In prose this is more faintly and remotely indicated by such means as punctuation and italics and parentheses. Yet the distinction here drawn applies to prose as well as to poetry. It is perfectly well known, and generally recognised. It lies at the base of the demand for ' good reading.' A man may articulate every word, pronounce faultlessly, read fluently, and observe the punctuation, and yet be far from a good reader. So much of voice as is the vehicle of sense is given, but the harmony is wanting, and there is no pleasure in listening to him. It is felt that, besides the sound which conveys the sense of the words, there is a further and a different kind of sound due as an illustrative accompaniment, and it is the rendering of this which crowns the performance of the good reader, as it is the perception of this which constitutes the appreciative listener.

Or again. Consider the sound of a passionless Oh as it might be uttered by a schoolboy in a compulsory reading lesson, and then consider the infinite shades of meaning of which this interjection is capable under the emotional vibrations of the voice, and we must acknowledge that the distinction between these two elements of vocal sound is of a character not unlikely to be attended with philological consequences.

Of sound as the necessary vehicle of speech, and as the passive material of those phenomena which our science is concerned to investigate, we have already treated in the first and second chapters. But of sound as bearing an accordant, concentive, illustrative part, as being an outer harmony to the strains of the inner meaning; of sound as an illustrative, a formative, and almost a creative power in the region of language, we must endeavour to render some account in this concluding chapter.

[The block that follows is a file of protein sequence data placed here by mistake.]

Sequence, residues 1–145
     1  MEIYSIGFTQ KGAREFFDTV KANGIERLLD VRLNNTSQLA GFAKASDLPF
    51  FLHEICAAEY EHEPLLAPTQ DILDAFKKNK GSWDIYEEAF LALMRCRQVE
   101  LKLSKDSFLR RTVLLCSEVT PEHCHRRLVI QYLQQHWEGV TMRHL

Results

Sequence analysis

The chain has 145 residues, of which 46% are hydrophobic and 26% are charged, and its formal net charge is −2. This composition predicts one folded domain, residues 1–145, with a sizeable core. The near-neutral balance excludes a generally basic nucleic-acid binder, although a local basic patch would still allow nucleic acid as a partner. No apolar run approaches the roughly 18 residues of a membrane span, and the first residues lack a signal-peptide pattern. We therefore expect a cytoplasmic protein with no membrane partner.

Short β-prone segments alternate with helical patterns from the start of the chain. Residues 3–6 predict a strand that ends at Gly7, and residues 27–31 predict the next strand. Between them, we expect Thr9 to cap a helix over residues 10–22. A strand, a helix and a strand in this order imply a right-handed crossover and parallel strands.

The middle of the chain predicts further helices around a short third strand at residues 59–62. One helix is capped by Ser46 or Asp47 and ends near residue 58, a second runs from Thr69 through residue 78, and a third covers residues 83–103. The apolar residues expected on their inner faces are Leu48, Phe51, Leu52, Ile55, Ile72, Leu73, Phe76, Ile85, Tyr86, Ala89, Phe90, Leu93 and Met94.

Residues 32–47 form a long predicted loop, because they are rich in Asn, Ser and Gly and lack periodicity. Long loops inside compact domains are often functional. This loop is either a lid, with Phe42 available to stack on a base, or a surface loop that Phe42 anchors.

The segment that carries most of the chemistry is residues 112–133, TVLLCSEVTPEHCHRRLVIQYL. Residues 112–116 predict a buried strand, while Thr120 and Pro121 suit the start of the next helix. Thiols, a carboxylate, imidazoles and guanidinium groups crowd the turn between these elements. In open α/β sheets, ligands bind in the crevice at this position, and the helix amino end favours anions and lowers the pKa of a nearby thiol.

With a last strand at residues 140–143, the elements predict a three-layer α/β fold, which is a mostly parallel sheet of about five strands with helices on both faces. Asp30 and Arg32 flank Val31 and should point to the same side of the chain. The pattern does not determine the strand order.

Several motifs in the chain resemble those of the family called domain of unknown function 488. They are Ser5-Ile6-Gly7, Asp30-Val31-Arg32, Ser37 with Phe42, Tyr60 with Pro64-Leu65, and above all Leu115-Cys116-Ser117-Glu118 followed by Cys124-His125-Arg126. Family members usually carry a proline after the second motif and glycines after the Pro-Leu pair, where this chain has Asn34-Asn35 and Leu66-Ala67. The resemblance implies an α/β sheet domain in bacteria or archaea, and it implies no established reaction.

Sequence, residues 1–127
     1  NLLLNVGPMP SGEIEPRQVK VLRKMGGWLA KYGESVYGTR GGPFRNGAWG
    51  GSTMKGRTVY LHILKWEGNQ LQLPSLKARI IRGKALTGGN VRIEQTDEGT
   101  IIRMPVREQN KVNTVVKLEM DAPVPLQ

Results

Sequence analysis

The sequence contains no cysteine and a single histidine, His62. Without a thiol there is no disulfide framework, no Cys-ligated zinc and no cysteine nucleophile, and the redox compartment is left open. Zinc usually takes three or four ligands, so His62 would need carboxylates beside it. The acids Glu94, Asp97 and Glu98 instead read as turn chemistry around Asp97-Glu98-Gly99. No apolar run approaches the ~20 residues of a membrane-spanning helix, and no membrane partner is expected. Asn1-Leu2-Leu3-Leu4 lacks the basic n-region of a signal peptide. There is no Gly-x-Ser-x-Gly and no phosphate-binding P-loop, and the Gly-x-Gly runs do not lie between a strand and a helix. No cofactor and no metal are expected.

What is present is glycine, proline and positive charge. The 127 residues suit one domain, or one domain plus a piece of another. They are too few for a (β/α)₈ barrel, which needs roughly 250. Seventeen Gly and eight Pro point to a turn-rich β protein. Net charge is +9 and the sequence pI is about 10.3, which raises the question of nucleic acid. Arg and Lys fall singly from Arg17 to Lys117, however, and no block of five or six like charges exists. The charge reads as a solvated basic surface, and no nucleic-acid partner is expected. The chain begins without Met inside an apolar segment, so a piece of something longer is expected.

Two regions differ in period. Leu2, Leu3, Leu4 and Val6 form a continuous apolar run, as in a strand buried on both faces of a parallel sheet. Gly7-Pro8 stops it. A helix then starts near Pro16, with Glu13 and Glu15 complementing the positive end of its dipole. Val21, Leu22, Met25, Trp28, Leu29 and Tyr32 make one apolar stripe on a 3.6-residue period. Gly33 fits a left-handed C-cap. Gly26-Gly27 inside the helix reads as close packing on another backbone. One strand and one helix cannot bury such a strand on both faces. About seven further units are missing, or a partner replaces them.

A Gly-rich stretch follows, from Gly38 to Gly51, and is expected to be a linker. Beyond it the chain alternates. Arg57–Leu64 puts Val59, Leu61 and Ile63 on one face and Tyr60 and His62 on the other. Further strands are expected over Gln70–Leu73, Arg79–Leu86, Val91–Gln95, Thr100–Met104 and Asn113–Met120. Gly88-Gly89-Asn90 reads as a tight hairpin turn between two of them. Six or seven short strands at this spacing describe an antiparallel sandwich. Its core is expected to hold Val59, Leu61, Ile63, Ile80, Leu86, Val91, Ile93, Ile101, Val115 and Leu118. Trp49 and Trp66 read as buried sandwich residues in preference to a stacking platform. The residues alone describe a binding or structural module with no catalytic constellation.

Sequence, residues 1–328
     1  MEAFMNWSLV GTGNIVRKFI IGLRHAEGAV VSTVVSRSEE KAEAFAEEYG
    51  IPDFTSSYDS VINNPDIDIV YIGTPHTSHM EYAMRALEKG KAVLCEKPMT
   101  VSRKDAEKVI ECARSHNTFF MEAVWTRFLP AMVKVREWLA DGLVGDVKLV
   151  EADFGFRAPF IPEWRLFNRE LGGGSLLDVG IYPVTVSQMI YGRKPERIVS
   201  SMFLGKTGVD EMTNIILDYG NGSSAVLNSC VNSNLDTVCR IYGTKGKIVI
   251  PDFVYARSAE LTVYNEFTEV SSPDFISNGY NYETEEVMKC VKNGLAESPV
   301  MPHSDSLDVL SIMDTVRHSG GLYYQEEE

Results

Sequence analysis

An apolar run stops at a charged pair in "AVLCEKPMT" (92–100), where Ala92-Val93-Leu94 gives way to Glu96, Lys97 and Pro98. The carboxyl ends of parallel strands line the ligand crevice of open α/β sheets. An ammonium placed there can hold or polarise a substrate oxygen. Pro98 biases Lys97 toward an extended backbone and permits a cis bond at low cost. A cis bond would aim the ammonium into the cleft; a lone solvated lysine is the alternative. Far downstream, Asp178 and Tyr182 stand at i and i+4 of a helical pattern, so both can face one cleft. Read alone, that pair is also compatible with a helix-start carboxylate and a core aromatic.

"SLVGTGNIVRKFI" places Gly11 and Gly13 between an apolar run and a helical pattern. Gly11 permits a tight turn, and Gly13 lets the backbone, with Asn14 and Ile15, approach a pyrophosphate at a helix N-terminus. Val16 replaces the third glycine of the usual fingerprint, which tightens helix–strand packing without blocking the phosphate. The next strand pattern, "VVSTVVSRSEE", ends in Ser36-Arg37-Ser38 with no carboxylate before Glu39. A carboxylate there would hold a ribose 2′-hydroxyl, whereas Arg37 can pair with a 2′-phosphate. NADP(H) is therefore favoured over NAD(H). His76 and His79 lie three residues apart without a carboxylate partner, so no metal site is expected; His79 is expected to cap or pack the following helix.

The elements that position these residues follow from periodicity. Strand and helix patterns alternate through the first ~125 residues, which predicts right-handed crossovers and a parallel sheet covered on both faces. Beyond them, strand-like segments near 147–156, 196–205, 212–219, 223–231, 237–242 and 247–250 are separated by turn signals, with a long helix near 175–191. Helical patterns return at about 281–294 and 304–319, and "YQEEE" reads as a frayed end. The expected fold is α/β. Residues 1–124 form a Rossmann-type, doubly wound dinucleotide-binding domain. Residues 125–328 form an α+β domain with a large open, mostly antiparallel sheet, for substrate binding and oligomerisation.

The distinction here urged is akin to that which is mechanically effected by the musical instrument maker. A musical note on an instrument is a noble sound, from which another sort of sound, namely that which we call Noise, has been eliminated. All mechanical collision produces sound, and that natural sound is ordinarily of a complex kind, being in fact a noise with which a musical note is confusedly blended. It is the work of art to contrive mechanical means whereby these two things may be parted, so that the musical notes which give pleasure may be placed at the command of men. What the musical instrument maker does physically, we may do mentally. We may separate in our minds between the mere brute sound necessary to speech, and that musical tone which more or less blends with it according to the temper and quality of the voice and its companion mind. The latter is a sovereign agency in the illustration and formation and development of language, and this is the Sound of which the 'present chapter treats'.